The Great Dance does not wait to be perfected until the peoples of the Low Worlds are gathered into it. We speak not of when it will begin, It has begun from before always. There was no time when we did not rejoice before His face as now. The dance which we dance is at the center and for this dance all things were made. Blessed be He!...All is righteousness and there is no equality. Not as when stones lie side by side, but as when stone support and are supported in an arch, such is His order; rule and obedience, begetting and bearing, heat glancing down, life growing up. Blessed is He!

The Dance is in praise of the Almighty. All of life and creation point to the Creator. This is why Charles Williams spoke of the Dance in The Greater Trumps like this:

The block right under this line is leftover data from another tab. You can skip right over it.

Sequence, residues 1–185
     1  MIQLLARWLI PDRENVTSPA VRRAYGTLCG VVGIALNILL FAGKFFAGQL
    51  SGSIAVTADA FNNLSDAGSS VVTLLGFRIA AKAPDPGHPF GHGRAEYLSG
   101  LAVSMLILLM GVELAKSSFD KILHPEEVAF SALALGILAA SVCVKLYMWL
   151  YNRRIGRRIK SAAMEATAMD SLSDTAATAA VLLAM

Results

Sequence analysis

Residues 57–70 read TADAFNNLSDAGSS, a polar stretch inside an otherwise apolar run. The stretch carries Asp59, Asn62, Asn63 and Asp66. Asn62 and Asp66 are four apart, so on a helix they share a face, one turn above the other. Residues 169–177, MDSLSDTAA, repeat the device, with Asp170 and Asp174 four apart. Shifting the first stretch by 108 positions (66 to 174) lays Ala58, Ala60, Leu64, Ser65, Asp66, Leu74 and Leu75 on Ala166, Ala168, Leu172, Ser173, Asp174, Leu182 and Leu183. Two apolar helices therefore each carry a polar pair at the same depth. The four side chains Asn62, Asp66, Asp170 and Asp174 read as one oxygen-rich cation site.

Imagine that everything which exists takes part in the movement of a great dance—everything, the electrons, all growing and decaying things, all that seems alive and all that doesn’t seem alive, men and beasts, trees and stones, everything that changes, and there is nothing anywhere that does not change. That change—that’s what we know of the immortal dance; the law in the nature of things—that’s the measure of the dance, why one thing changes swiftly and another slowly, why there is seeming accident and incalculable alteration, why men hate and love and grow hungry, and cities that have stood for a century fall in a week, why the smallest wheel and the mightiest world revolve, why blood flows and the heart beats and the brain moves, why your body is poised on your ankle and the Himalayas are rooted in the earth—quick or slow, measurable or immeasurable, there is nothing at all anywhere but the dance.